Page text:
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CJL to present first Holocaust film series
August 29th, 2003
Did you know that the Coalition for Jewish Learning, the education program of the Milwaukee Jewish Federation, has a film library that includes more than 250 films about the Holocaust?
Moreover, did you know that many of these films features and documentaries have never been shown in Milwaukee or have played here for only very short times?
Laurie Herman, CJLs librarian and media center coordinator, is afraid too many people do not know this. The collection contains so many wonderful films foreign films, little-known films. And nobody knows they exist, said Herman, who also teaches Holocaust history at the Milwaukee Jewish Day School.
This is one of the reasons that CJLs Holocaust Education and Resource Center has created its first Holocaust Film Series.
In addition to calling attention to the films in its collection, of course, the series also furthers HERCs mission, according to its former coordinator, Melissa Kerbel, for whom this was her last project before she moved to Georgia this summer with her husband, former Congregation Beth Israel spiritual leader Rabbi Paul Kerbel.
Our mission is to educate the community about the Holocaust and promote remembering the Holocaust, she said in a telephone interview. We wanted to make it possible for the community to view Holocaust films they otherwise wouldnt see.
The six films selected will be shown on roughly one Thursday evening per month, at 7 p.m., from September to May, in a large screen video format in the Ritz Theater of the Harry & Rose Samson Family Jewish Community Center. A discussion will follow. The films will be:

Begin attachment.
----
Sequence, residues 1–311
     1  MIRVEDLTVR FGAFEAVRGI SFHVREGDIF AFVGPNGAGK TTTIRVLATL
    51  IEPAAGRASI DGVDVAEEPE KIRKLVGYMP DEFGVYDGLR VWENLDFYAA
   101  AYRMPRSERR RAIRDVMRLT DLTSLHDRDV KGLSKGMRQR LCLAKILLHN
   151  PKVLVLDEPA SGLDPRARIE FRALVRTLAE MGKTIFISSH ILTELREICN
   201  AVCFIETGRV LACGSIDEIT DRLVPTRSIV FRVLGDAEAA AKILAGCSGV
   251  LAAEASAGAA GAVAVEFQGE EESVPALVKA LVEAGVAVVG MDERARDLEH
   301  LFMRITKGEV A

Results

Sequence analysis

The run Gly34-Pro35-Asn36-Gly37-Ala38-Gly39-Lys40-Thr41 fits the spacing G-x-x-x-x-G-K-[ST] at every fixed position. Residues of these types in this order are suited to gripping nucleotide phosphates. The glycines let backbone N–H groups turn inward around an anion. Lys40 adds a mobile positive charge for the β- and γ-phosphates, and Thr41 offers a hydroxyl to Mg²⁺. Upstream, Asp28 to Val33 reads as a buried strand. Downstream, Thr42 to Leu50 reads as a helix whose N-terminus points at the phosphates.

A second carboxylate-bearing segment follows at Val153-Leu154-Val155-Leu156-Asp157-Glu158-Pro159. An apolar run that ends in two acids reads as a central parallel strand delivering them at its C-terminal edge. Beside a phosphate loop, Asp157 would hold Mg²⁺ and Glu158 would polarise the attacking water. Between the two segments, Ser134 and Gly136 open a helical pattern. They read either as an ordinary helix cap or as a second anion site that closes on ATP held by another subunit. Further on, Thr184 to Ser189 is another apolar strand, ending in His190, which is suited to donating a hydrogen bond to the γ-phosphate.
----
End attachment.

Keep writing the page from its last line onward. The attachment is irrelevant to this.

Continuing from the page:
Sept. 4, Train of Life, a French feature film [with English subtitles] in a quasi-comedy style about French Jewish villagers who stage their own deportation as a way of escaping the Nazis. This was chosen to start the series because it is a little less heavy and lighter in tone than most, said Herman.
Nov. 20, Out of the Ashes, starring Christine Lahti as Dr. Gisella Perl, a Jewish physician who performed abortions on women in Auschwitz to save their lives.
Dec. 18, The Last Butterfly, a drama about a French mime taken prisoner by the Gestapo and sentenced to perform in the Terezin model ghetto.
Feb. 19, Anne Frank Remembered, the Academy Award-winning documentary about the Dutch Jewish diarist and a film Herman said is appropriate for school-age children.
March 25, film to be announced. Herman said the organizers have a film in mind, but havent had a chance to preview it yet.
May 20, The Grey Zone, an extremely explicit dramatization based on the true story of a group of Sonderkommando Jewish prisoners forced to help operate the Auschwitz gas chambers and crematoria who revolted.
Admission is free but donations will be accepted. For more information, call CJL, 414-962-8860.